Tissue Tis"sue, n. [F. tissu, fr. tissu, p. p. of tisser, tistre, to weave, fr. L. texere. See {Text}.] 1. A woven fabric. [1913 Webster]

2. A fine transparent silk stuff, used for veils, etc.; specifically, cloth interwoven with gold or silver threads, or embossed with figures. [1913 Webster]

A robe of tissue, stiff with golden wire. --Dryden. [1913 Webster]

In their glittering tissues bear emblazed Holy memorials. --Milton. [1913 Webster]

3. (Biol.) One of the elementary materials or fibres, having a uniform structure and a specialized function, of which ordinary animals and plants are composed; a texture; as, epithelial tissue; connective tissue. [1913 Webster]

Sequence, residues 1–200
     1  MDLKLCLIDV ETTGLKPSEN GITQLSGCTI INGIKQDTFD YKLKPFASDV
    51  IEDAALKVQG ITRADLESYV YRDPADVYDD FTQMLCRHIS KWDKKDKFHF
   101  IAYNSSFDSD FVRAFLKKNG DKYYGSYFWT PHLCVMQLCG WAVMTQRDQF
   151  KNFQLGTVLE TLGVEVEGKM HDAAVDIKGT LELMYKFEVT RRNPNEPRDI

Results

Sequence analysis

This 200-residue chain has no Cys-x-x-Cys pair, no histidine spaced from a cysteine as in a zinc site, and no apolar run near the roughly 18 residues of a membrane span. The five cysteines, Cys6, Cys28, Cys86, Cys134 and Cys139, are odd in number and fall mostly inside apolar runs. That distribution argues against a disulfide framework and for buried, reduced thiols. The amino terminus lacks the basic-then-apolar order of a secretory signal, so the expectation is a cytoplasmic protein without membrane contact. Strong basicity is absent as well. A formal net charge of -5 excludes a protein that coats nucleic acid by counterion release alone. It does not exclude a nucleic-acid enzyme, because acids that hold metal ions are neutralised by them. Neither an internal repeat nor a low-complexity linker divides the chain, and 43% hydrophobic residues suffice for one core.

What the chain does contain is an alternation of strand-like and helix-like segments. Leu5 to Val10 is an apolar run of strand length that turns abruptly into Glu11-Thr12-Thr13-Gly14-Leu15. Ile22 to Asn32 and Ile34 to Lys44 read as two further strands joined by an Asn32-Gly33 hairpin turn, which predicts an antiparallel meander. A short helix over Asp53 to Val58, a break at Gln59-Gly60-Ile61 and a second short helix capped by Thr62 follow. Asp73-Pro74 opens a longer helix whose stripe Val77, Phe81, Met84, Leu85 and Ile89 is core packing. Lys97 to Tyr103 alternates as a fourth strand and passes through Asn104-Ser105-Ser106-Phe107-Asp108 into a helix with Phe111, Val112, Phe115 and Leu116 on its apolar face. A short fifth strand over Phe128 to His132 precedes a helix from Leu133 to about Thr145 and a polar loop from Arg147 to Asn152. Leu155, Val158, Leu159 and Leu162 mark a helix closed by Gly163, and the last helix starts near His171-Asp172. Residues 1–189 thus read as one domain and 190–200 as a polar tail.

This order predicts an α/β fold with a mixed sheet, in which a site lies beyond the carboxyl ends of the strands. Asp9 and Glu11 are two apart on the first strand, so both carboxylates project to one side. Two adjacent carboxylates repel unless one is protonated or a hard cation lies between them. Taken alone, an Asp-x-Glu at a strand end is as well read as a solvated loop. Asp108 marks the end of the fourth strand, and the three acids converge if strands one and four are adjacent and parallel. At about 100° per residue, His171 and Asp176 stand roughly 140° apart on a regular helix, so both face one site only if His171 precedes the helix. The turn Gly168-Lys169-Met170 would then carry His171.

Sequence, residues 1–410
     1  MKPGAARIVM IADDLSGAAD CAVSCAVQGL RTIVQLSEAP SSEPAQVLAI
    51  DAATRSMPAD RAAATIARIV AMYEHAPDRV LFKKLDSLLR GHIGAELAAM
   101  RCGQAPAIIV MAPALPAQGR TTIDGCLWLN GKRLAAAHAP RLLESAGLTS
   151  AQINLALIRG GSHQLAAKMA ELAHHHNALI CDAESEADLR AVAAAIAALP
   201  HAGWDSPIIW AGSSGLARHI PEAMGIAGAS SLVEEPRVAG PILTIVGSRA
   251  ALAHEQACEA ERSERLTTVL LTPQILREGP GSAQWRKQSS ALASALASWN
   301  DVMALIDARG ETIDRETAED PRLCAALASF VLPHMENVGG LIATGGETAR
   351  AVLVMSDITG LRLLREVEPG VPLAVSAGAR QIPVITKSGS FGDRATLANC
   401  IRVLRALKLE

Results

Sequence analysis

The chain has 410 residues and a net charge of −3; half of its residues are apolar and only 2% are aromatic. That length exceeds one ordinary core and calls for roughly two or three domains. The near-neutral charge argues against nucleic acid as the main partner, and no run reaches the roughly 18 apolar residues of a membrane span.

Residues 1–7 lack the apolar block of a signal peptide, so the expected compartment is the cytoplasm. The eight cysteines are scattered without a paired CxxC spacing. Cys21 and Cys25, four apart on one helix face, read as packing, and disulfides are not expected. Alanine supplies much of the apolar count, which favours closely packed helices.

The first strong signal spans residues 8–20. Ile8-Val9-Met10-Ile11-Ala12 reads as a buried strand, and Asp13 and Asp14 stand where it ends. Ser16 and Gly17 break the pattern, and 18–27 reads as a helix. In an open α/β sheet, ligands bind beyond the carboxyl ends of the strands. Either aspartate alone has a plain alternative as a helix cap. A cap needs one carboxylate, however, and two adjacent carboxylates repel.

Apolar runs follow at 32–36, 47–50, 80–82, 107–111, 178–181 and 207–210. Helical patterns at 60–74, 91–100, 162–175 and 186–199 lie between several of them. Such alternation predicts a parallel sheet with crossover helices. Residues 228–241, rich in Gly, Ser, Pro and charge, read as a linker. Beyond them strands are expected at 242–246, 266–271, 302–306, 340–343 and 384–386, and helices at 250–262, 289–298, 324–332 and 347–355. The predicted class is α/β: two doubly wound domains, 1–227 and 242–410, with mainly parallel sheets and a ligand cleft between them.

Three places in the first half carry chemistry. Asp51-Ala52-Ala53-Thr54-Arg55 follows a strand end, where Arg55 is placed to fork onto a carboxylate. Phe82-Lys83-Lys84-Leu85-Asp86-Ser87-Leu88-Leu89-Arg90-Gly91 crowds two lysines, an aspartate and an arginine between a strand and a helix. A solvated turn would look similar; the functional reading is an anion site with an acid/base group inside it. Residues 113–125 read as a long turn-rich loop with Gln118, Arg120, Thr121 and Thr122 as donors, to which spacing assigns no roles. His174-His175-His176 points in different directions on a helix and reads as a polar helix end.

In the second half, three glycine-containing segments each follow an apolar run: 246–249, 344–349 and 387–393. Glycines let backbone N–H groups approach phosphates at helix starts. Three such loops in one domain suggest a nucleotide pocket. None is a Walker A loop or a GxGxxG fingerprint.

Note: The term tissue is also often applied in a wider sense to all the materials or elementary tissues, differing in structure and function, which go to make up an organ; as, vascular tissue, tegumentary tissue, etc. [1913 Webster]

4. Fig.: Web; texture; complicated fabrication; connected series; as, a tissue of forgeries, or of falsehood. [1913 Webster]

Unwilling to leave the dry bones of Agnosticism wholly unclothed with any living tissue of religious emotion. --A. J. Balfour. [1913 Webster]

{Tissue paper}, very thin, gauzelike paper, used for protecting engravings in books, for wrapping up delicate articles, etc. [1913 Webster]

The Collaborative International Dictionary of English. 2000.

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